Why Dogs Understand What We Say But Still Don’t Get FaceTime
“Realistic size matters."
This story originally appeared on time.com.
Scientists who studied brain activity in some dogs say canines can distinguish words and the intonation of human speech the way humans do. A group of trained dogs in Hungary helped researchers make that discovery by undergoing fMRI brain scans while listening to audio recordings of their trainers. The researchers found that certain words sparked activity in different hemispheres of the brain.
But while evidence shows dogs can register and understand audio recordings, experts say pet owners should expect their four-legged friends to blatantly ignore them during video chats through FaceTime or Skype.
“When you hear someone live or you hear someone via headphones, there’s not much of a difference for dogs, but seeing someone live or on a screen seems to be very different,” said Dr. Attila Andics, a research fellow at Eotvos Lorand University in Budapest who led the new dog cognition study published in the journal Science.
Andics said his team has previously run several studies on how dogs process small screens. They found that while dogs realize they are looking at a human’s face on screen, the stimulus isn’t enough for them to recognize it’s their owner on the other side. “Realistic size matters,” he said. “If the size is not realistic, you become something small in a little box.”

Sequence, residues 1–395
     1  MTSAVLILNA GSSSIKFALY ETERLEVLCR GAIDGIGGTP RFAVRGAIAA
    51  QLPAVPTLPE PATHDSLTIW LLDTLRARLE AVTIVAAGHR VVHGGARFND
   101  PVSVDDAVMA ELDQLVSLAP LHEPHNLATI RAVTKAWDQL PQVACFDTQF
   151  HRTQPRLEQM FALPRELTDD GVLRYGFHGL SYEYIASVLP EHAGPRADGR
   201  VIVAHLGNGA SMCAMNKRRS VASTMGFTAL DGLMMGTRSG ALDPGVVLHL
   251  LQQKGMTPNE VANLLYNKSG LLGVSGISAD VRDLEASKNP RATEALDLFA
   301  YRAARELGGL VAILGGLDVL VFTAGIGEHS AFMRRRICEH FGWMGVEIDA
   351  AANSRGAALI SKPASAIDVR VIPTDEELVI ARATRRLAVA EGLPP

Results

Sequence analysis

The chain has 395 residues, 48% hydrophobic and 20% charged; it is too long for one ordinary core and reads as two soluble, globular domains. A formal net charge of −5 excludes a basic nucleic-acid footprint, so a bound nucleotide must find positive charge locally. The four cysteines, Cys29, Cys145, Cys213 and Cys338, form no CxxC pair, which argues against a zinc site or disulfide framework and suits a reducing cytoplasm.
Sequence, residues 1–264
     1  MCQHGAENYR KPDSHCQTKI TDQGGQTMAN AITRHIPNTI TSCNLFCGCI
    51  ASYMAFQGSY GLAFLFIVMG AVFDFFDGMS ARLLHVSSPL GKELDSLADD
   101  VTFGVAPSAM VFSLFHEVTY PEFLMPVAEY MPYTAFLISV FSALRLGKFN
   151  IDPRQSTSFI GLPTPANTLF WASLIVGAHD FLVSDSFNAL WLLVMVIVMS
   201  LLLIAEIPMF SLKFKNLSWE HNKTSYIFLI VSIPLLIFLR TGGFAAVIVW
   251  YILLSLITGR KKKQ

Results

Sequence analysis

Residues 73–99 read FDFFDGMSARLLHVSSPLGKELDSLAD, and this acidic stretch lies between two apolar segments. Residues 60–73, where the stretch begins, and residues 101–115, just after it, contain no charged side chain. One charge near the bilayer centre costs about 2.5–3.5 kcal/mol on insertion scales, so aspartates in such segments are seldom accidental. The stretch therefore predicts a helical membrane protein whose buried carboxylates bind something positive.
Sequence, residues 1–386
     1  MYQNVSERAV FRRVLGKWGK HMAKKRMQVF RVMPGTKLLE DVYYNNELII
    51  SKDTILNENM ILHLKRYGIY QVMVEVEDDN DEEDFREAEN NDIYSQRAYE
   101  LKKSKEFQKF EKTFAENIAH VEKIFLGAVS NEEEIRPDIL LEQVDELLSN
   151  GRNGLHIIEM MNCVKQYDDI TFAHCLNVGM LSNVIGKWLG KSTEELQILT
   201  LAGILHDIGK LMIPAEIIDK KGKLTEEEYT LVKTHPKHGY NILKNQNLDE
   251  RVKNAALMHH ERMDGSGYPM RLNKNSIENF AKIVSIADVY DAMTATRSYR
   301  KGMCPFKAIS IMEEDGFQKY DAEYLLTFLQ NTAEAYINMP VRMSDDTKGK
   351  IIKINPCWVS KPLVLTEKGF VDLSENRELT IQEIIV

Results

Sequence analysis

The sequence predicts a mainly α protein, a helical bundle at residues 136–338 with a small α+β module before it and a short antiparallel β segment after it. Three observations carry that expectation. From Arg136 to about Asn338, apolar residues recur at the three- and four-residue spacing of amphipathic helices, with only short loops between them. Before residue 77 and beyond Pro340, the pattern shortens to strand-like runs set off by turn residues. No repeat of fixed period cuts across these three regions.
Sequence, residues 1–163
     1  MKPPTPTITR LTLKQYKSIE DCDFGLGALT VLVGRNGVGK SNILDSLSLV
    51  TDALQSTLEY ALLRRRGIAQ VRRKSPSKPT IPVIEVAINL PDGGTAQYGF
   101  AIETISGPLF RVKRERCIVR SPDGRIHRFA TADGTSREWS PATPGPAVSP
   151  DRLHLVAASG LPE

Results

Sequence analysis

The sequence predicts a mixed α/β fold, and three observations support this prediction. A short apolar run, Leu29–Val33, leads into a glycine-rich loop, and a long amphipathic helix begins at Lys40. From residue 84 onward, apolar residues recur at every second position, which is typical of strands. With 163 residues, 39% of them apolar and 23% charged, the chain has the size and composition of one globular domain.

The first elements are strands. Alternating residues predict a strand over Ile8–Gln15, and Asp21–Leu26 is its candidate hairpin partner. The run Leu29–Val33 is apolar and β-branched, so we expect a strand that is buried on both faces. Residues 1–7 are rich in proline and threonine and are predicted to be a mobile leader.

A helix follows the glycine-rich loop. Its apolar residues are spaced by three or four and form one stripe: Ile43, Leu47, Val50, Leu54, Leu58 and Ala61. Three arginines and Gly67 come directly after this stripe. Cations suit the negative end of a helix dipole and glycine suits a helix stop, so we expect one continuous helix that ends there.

Andics added that more studies using brain imaging will attempt to unravel the mystery behind exactly what dogs can understand, including tests to find out whether the animals can process grammar and syntax. “This is a very exciting field of research. I think it’s really exciting,” he said. “Human language research is just enormous. This is just the first study on dogs. We will see what ways open up for us.”